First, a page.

A member of the Swedish investigative team confirmed the existence of the report but refused to give any immediate details about it.

    The Kola peninsula, which borders Norway and Finland, is thought to hold the highest volumes of radioactive waste in the world.

    The International Atomic Energy Agency watchdog has recorded 1,250 cases of smuggling and other crimes related to the handling of radioactive material since 1995.

    Nuclear material is often smuggled from the former Soviet Union.

    Police in Slovakia's former federation partner, the Czech Republic, found 6 lbs of high-enriched uranium in Prague in 1995, intended for illegal sale.

    In 2003, police in the Czech Republic arrested two Slovaks in a sting operation in the city of Brno after they allegedly sold undercover officers natural depleted uranium for US$715,000

    However, I was startled to see the photo of this incredibly dangerous radioactive substance that accompanies the story. For those of you unable to view reationary web-sites, let me paint a picture with wurdz.

    Lead sample container: check.
    Lead-lined carrying case: check.
    Glass jar filled with evil substance: check.
    Some fellers' hand holding the fcuking jar: check?

    Dunno if it's just me over-reacting, but the thought of getting within arms-length of this stuff makes my goolies shrivel just thinking about it.

    Are all Slovak coppers balls made of lead then?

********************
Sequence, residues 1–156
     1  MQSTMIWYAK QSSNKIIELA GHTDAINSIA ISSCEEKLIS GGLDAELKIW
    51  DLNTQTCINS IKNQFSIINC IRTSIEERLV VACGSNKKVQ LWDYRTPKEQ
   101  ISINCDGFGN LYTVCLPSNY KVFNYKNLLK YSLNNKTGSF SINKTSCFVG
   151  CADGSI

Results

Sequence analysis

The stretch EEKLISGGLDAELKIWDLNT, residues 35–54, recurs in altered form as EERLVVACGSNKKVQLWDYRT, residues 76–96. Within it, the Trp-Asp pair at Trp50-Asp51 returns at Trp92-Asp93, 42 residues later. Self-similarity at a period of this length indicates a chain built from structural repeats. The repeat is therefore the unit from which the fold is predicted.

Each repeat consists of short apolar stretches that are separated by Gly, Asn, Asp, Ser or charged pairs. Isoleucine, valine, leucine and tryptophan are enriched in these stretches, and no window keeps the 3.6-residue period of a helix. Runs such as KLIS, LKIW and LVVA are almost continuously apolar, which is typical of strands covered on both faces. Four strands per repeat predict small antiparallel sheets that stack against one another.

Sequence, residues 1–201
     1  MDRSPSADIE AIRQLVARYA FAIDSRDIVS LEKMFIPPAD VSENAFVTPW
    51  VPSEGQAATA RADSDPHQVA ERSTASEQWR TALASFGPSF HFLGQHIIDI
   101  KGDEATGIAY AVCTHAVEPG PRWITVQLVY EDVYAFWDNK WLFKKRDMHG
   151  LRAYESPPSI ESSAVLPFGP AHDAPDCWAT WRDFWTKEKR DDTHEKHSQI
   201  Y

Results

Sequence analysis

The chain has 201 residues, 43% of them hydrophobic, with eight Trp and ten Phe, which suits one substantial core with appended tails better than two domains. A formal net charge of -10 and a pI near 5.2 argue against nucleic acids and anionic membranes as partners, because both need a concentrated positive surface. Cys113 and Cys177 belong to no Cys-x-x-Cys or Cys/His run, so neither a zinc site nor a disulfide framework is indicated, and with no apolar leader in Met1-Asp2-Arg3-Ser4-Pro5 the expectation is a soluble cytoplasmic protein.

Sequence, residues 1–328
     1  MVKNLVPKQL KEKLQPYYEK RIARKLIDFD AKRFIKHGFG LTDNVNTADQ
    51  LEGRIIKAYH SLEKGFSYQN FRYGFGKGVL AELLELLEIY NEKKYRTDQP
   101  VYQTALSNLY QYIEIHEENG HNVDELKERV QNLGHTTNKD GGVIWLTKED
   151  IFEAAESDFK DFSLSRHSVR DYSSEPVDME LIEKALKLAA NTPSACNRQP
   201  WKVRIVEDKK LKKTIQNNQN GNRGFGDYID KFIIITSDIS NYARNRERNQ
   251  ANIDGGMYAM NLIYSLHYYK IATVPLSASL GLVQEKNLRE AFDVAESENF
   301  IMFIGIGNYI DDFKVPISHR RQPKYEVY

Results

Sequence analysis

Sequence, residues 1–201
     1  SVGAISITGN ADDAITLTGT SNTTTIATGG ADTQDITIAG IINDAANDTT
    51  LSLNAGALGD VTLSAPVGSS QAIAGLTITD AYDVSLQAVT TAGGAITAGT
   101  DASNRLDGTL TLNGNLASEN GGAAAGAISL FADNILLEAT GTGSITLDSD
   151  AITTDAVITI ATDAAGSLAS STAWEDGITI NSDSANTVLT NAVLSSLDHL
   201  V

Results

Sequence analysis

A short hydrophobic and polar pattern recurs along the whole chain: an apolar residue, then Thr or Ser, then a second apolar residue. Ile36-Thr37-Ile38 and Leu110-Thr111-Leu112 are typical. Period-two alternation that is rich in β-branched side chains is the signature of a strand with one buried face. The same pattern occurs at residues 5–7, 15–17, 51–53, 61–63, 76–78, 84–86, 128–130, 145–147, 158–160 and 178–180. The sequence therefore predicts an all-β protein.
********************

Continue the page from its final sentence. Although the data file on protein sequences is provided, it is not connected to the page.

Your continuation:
Bad miss on their part for not picking up the buyers as well.
    On that note, I have a couple of old tritium source compasses in the loft so I'll open the bidding at $1 million or £25 (whichevers' higher tomorrow).
  2. Good drills, those coppers.

    It's not just you; I once considered joining the Nuke Plods, but did'nt for two reasons:

    1)I did'nt fancy making a career out of stagging on.

    2)I decided the further I was away from radioactive material, the better; people already think I'm a Mutant... :roll:
  3. Good job that IMHO
  4. Common misconception, as the bishop said to the actress:cough:

    In the halcyon days of my youth, before I was forced by thirdworld-sized debt into a career of sorts, I took a temporary job at one of our creaky old atomic power stations. I was trained and certified thoroughly incompetent as a health physics monitor, and worked as one during a overhaul shutdown. Oh the power! Being able to tell a queue of grizzled scaffolders and mad geordie welders to down tools and wait at the barrier 'cos "I have to check all your bars and clamps". I counted myself lucky if I was only sworn at. Scanning and swabbing a full pallet of scaffolding is definitely in my top ten bone jobs.

    As a result of this hard-won nous, I can say with a bit of confidence that uranium metal isn't very hazardous in that state. I wouldn't sprinkle it in on the cheerios, but I'd be happy to tote the jar around with nothing more prophylactic than a stout pair of rubber gloves, so the chap pictured is just larging it for the camera.